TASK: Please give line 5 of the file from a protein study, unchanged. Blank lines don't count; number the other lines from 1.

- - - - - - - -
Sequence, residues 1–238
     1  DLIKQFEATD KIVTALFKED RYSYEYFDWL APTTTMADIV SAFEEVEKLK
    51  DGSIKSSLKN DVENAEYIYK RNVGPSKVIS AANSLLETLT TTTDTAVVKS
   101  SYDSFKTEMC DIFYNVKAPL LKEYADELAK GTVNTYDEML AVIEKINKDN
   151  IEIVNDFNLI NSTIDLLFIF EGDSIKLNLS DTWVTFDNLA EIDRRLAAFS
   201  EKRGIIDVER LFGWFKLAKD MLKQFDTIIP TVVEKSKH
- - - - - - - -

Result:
   151  IEIVNDFNLI NSTIDLLFIF EGDSIKLNLS DTWVTFDNLA EIDRRLAAFS